PATRON is proud to present Being and Becoming, the gallery’s second solo exhibition with Rockford-based sculptor Kay Hofmann.
In her 1932 quasi-autobiographical novel, Lorenzo in Taos, Mabel Dodge Luhan reflected:
“I could only tell in these pages how we all were then, that I had lived and through the time we passed together here and recorded it, and so this recollection is only of the painful days that brought about changes in us all and not of the change itself. It tells of the process of change, of the permutations of the spirit worked upon by spirit. It does not end happily with all of us united once more, chastened and disciplined, for life is not concerned with results, but only with Being and Becoming.”
Being and Becoming presents a series of sculptures Hofmann created during the past three years, many originating during the confines of the COVID-19 pandemic. Carved and finished entirely by hand, the works in the exhibition demonstrate Hofmann’s sensitive attunement to the natural physical properties of her stones. African Black Stone, Marble, and White and Pink Alabaster, stored in the artist’s garage for years or even decades, others identified from quarries in Italy and Zimbabwe, some remnants from her father, a memorial mason. Over a nearly seventy-year career (she graduated from the School of the Art Institute in 1955), Hofmann has forged a transformative relationship to her materials, finishing the surfaces in such a way where the same material appears to hold entirely different, complementary qualities. Evident is her study of modernism – the cubist figural sculptures of Jacques Lipchitz, or the organic approach of Barbara Hepworth yet for Hofmann, sculpture is manifestation of a reality, a futurity, not a memorialization of the past.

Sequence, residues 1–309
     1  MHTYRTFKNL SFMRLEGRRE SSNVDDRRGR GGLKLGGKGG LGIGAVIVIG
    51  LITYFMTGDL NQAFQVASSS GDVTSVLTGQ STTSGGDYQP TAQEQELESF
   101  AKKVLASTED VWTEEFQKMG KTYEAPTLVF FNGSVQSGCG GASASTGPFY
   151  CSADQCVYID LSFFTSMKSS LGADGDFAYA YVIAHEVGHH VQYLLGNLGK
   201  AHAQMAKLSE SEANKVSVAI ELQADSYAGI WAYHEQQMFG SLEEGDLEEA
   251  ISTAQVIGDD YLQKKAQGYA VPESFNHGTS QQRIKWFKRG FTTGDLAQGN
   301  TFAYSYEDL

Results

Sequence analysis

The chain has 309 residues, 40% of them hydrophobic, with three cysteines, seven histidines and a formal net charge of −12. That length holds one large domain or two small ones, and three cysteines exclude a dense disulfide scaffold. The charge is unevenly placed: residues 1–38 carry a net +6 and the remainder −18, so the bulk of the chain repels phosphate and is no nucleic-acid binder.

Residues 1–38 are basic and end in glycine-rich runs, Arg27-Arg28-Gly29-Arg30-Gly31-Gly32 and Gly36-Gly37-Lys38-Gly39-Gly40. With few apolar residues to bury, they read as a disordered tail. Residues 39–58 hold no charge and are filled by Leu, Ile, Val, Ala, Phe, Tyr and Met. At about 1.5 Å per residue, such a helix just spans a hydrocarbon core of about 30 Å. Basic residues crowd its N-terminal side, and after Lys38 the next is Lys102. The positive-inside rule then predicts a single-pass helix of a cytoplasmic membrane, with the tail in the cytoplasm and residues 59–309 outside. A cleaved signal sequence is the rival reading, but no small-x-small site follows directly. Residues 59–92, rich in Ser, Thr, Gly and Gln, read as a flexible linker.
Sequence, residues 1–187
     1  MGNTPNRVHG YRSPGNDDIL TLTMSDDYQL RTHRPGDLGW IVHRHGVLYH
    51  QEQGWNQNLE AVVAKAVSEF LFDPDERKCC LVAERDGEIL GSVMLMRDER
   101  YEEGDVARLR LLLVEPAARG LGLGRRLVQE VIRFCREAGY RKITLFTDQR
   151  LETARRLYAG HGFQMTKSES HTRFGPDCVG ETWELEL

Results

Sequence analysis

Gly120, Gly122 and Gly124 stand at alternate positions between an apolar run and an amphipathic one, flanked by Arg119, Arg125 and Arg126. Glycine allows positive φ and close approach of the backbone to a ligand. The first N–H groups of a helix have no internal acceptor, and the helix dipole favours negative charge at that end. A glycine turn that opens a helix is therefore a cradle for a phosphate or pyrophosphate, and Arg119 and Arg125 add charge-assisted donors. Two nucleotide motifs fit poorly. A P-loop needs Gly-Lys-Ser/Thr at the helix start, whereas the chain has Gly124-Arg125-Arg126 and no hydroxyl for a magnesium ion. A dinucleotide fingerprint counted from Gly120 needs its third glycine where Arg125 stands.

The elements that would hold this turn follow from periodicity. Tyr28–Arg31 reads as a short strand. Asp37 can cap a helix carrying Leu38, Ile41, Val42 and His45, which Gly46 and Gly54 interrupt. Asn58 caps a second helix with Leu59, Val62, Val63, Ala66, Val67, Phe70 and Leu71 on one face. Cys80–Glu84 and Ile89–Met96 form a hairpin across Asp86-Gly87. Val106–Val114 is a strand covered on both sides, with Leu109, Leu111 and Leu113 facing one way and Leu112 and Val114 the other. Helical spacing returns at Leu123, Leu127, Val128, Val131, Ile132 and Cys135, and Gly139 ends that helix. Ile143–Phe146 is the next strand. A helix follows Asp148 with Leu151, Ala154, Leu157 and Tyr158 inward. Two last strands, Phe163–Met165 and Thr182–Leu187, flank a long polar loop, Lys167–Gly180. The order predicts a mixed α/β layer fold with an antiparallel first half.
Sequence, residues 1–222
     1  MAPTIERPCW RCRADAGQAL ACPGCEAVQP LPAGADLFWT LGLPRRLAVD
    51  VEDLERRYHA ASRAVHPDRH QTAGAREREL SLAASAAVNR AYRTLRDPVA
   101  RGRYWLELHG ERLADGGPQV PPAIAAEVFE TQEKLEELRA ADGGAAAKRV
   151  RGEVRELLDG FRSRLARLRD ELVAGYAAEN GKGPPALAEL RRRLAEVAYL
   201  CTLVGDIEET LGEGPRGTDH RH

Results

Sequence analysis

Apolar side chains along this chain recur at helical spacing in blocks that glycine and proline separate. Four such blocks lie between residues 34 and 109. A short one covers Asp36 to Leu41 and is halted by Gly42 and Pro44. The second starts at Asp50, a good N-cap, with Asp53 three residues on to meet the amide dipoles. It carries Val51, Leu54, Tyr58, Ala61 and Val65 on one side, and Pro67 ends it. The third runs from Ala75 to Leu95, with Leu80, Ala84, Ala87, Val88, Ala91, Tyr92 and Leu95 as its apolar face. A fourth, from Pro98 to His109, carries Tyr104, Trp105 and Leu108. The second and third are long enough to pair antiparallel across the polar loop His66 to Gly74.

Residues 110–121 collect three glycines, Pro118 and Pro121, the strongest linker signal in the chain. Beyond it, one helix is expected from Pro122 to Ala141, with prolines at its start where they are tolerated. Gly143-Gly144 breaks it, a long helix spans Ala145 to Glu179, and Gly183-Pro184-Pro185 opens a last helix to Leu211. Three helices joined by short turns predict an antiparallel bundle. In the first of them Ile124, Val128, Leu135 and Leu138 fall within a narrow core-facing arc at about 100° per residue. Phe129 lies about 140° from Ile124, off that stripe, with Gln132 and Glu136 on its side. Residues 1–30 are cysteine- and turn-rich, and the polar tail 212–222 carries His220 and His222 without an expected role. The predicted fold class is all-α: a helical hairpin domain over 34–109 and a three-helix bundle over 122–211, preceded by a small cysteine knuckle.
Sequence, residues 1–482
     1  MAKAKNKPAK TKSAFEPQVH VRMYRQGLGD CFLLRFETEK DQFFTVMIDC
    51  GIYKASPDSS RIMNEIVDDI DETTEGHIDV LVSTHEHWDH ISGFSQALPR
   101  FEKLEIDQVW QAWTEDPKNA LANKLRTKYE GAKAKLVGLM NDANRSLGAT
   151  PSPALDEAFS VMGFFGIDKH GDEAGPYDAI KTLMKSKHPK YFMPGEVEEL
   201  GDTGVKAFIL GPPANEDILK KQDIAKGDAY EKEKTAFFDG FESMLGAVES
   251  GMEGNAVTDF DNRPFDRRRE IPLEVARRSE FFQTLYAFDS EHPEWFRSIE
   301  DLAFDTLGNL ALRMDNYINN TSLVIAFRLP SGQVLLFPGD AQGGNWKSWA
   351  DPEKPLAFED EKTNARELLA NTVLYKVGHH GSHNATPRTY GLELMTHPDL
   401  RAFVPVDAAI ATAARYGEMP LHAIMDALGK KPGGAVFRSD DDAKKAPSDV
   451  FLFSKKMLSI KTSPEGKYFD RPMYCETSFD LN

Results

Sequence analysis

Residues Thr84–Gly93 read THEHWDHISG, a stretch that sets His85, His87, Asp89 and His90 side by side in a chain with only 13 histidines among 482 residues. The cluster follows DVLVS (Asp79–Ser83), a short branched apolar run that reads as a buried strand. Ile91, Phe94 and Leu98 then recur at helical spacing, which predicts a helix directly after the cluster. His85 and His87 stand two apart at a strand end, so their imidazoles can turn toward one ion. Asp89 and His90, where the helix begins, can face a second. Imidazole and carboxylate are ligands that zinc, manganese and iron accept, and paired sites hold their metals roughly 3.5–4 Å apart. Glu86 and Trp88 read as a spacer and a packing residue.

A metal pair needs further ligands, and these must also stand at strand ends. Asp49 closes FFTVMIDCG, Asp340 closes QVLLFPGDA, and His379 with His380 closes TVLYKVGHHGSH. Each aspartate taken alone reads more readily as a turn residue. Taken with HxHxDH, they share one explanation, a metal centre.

Markers of what was for many a period of solitude and reflection, the sculptures in Being and Becoming are a significant chapter in Hofmann’s mature practice. Her final series of small scale works, the female figures can be read as intimate alter-egos. Capturing the potentialities of freedom through dynamic, fluid movement, the work in the exhibition is foremost one of quiet existence. Qualities of listening, repose, attunement to oneself and the earth offer an act of grounding–vital to actual change, a permission to release into an active state of becoming.
Image: Thoughts of Yesterday